patriarchy

Food Psych #137: How to Navigate Diet Culture with Evette Dionne

Evette Dionne

Writer and editor Evette Dionne joins us to talk about how to fight fatphobia and advocate for yourself in healthcare settings, how to navigate difficult conversations and challenge weight stigma in close relationships, why the body-positive movement needs to be intersectional, how oppression is learned and can be unlearned, why it’s important to acknowledge our privilege, and so much more! Plus, Christy answers a listener question about how to deal with friends and family who are stuck in diet culture.

Evette Dionne is a Black Feminist culture writer, editor, and scholar. Presently, she’s the senior editor at Bitch Media and regularly contributes stories about race, size, gender, and popular culture to Teen Vogue, The Guardian, Cosmopolitan, the New York Times, Refinery29, Harper's Bazaar, MIC, and other print and digital publications. Find her online at EvetteDionne.com.

Grab Christy's free guide, 7 simple strategies for finding peace and freedom with food, to start your intuitive eating journey. You can also text "7STRATEGIES" to the phone number 44222 to get it on the go :)

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We Discuss:

  • Evette’s relationship with food growing up, including connecting food with family and love

  • Evette’s experience with food and body shaming from authority figures

  • Fatphobic school environments, Evette’s experience with harassment, and how it led to the development of agoraphobia

  • Evette’s transition into the workforce and obtaining her GED, and her experience with food policing from a manager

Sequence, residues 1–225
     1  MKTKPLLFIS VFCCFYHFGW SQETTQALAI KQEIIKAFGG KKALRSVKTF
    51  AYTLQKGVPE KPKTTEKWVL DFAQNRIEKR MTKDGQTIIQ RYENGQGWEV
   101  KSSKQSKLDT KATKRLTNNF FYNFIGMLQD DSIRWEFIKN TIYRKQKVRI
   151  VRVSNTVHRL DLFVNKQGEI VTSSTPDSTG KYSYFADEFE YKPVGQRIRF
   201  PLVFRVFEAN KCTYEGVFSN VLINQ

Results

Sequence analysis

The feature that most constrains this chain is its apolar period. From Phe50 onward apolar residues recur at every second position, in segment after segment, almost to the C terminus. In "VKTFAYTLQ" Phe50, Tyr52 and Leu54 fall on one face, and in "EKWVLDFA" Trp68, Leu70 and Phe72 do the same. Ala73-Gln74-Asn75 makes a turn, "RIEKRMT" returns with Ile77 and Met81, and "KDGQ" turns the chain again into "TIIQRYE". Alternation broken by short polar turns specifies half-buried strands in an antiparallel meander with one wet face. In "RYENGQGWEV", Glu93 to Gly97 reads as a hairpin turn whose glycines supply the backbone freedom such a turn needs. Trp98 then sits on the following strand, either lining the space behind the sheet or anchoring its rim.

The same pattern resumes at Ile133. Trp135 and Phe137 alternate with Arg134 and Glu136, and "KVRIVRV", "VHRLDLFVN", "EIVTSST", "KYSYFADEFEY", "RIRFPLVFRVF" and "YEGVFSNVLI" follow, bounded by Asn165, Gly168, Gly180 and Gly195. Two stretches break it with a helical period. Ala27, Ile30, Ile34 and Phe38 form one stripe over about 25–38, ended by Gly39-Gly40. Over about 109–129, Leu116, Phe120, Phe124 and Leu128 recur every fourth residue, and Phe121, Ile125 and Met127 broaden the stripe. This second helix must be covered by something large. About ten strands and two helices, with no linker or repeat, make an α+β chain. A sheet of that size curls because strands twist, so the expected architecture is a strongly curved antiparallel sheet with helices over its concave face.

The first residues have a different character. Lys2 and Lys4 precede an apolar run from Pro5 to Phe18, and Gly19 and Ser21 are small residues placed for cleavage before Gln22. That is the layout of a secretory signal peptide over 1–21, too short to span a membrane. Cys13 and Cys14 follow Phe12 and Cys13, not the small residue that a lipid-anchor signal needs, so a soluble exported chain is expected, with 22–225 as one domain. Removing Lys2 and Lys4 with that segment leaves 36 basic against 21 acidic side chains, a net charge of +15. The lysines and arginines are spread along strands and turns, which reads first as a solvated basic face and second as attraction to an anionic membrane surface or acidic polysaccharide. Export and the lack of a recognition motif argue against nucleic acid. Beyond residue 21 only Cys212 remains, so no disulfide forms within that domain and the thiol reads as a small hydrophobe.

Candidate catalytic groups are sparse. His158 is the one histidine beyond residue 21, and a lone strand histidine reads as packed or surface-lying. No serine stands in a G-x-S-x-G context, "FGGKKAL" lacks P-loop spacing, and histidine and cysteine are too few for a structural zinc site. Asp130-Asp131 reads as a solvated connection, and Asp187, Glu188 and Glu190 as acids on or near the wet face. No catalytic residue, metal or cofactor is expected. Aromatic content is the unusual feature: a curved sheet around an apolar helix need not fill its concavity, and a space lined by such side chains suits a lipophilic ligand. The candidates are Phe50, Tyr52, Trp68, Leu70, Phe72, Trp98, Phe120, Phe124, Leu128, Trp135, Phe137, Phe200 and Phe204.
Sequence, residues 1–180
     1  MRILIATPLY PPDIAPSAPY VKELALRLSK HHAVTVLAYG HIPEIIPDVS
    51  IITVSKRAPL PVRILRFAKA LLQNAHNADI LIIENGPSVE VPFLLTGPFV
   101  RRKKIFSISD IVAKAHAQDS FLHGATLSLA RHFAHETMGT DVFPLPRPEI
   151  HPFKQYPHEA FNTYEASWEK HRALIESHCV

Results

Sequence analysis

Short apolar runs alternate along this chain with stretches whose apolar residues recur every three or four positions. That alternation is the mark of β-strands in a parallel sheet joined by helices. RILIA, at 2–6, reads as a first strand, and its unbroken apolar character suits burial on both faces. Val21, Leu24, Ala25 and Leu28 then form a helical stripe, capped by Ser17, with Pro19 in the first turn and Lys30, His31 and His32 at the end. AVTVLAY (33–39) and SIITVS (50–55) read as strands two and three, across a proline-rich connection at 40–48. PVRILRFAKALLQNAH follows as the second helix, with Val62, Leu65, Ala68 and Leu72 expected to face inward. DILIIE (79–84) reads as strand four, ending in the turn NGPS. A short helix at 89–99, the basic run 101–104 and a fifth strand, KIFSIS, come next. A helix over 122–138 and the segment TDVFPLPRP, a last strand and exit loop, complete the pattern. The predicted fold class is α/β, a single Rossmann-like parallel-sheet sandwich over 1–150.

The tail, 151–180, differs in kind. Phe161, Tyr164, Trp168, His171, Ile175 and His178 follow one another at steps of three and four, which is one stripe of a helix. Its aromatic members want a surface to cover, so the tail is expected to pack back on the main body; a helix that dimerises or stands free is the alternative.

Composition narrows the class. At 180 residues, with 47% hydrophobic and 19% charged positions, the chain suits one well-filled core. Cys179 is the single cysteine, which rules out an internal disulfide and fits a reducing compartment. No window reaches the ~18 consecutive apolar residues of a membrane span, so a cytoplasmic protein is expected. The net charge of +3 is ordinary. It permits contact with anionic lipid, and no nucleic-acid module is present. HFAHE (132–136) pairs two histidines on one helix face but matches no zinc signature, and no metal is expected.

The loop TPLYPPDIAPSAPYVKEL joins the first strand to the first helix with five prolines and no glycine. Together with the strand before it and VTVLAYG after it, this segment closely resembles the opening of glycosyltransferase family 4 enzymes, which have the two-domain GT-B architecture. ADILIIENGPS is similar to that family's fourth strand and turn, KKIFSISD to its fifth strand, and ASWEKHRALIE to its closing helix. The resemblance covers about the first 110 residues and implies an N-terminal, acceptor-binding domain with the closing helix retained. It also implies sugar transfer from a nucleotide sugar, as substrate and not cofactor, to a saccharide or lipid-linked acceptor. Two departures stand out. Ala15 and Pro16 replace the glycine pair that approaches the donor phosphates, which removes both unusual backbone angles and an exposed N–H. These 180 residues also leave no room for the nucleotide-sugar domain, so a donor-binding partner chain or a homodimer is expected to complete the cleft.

• Navigating food choices with newfound independence

  • The pressure on college students to avoid weight gain

  • The connection between emotional eating and restriction, and using food as a coping mechanism

  • The traumatizing effect of weight concerns

  • The threshold of acceptable fatness

  • Medical fatphobia, weight stigma in healthcare, and the need for self-advocacy at the doctor (refusing to be weighed, asking for pillows at the gynecologist, and insisting that any specialist tests are pushed to the yearly physical)

  • Fat shaming getting in the way of proper medical care for people in larger bodies

  • Compassion and Health at Every Size as effective intervention strategies

  • Patriarchy, sexism, racism, ableism, and why the body-positive movement must be feminist, political, and intersectional

  • The radical origins of body positivity in fat acceptance and the need to push for a more equitable world

  • Empowerment vs activism and the need for systemic change

  • Learning and unlearning our own oppression, building the body of knowledge around us so we can fight back, and learning how to have these difficult conversations in order to challenge someone’s fatphobia within close relationships

  • Giving people the space to grow while also barring yourself against toxic relationships

  • How we are all complicit in this culture that makes it unsafe for marginalized bodies

  • The problem with staying in the comfortable stage of the body-positive journey

  • Moving away from black-and-white thinking

  • Acknowledging privilege, moving beyond shame, and grappling with feeling defensive

 

Resources Mentioned

Some of the links below are affiliate links. Affiliates or not, we only recommend products and services that align with our values.

 

Listener Question of the Week

How do we create distance between ourselves and diet culture? What do we do it diet talk is permeating your relationships with friends and family? Is there a way to push people towards anti-diet ideas before they’re ready? How does “planting seeds” work? Can New Year's’ Resolutions fit into this distancing process? How do we make our boundaries around diet talk clear to those around you?

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Food Psych #131: How to Reclaim Pleasure In Food and Your Body with Substantia Jones

Substantia Jones